True Love Waits, widely credited with pioneering the pledge card movement when it was started by the Southern Baptist Convention in 1993, estimates that more than 2 million youth have signed such pledges.

The new report’s finding that 88 percent of youth who said they had taken such pledges actually had intercourse before marriage seems to confirm criticism that the pledges are futile. (Of those who hadn’t taken pledges, 99 percent reported having premarital sex.)

Critics, such as the Washington-based Advocates for Youth, point out that the vast majority of Americans have sex before marriage. And with Americans waiting longer and longer to get married, they say, it’s ludicrous to expect youths to suppress until marriage sexual urges that begin at puberty – for many people a span of a decade or more. Some have suggested that pledging to abstain until high school graduation or adulthood (say, 21) would be more realistic.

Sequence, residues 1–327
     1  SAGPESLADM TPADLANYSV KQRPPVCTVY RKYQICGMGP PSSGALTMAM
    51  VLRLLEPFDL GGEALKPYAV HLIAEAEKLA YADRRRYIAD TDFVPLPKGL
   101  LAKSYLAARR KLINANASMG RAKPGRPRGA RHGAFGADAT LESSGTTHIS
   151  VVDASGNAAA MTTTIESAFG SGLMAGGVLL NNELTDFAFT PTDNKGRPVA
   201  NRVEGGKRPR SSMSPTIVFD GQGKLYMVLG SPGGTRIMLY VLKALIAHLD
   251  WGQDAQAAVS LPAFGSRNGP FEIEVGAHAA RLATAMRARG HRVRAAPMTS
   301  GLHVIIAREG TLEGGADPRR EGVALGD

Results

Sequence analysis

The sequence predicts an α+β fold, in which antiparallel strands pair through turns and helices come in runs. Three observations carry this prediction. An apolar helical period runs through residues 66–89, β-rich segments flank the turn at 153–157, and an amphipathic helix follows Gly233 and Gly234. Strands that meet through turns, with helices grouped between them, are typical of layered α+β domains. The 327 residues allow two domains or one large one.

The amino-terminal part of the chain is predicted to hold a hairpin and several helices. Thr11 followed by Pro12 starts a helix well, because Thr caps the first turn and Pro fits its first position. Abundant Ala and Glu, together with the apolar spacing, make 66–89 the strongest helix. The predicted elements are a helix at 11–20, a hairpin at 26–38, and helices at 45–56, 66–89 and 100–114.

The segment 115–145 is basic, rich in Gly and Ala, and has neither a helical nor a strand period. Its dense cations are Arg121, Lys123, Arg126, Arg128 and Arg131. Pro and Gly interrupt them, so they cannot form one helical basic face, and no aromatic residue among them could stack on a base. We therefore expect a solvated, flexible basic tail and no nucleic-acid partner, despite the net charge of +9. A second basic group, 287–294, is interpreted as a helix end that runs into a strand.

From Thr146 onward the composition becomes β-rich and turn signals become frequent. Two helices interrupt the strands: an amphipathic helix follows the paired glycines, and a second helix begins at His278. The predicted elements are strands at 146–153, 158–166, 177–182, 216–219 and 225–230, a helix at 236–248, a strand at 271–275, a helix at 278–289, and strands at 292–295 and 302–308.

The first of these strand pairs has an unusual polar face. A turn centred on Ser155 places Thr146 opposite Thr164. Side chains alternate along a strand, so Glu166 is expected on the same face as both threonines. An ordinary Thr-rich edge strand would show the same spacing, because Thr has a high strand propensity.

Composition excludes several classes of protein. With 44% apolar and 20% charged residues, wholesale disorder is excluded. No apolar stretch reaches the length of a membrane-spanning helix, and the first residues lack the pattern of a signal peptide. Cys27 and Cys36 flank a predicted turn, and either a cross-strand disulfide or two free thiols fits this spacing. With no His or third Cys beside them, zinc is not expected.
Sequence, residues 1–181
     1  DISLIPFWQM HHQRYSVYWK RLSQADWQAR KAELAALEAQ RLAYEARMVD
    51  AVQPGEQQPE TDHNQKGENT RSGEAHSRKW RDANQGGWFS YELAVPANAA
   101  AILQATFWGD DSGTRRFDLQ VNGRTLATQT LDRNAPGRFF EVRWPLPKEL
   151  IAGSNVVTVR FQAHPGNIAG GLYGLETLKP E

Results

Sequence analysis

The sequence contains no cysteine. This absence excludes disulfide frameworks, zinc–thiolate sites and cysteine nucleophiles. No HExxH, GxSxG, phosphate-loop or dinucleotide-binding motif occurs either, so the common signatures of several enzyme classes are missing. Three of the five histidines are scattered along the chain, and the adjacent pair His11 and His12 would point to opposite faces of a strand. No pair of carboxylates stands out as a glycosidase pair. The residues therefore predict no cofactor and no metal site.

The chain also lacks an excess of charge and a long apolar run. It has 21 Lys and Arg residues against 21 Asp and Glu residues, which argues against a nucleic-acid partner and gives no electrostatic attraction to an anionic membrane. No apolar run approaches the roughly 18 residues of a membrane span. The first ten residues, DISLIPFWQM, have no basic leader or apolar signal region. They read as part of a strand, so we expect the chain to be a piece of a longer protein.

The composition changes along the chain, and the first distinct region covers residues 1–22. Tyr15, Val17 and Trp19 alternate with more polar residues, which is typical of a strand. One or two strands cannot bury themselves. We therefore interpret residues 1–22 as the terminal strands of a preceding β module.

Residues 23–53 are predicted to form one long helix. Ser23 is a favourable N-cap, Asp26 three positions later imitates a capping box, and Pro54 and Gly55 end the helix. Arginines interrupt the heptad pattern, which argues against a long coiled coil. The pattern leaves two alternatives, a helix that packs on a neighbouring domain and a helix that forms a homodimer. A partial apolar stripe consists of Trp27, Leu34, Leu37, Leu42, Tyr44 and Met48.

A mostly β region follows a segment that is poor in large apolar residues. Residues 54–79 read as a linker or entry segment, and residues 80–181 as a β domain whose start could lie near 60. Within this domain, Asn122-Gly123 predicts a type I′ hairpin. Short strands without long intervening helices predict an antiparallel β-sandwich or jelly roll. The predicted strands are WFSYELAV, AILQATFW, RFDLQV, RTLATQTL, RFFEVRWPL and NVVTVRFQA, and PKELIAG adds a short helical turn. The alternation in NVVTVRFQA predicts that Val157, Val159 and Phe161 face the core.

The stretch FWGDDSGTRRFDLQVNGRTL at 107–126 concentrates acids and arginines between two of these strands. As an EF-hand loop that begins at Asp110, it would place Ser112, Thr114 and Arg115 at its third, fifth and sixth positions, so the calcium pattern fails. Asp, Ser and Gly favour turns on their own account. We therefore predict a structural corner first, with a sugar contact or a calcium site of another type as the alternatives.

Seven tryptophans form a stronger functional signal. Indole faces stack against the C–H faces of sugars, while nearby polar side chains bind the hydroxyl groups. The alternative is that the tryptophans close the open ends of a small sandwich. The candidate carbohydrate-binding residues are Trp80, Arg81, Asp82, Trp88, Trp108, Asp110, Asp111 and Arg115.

The question is whether 100 percent compliance is the only measure of the pledges’ effectiveness. It’s always been obvious that many youth would not completely stick to the pledges, just as many people who pledge to abstain from any number of activities – such as drinking alcohol or not losing their tempers with their children – occasionally fall off the wagon. So, for that matter, do sexually active people who say they’ll always use condoms.

But people who stumble on pledges often cut down on the behavior they were trying to curtail. Even with most virgin pledgers not making it to marriage as virgins, the pledges have an effect.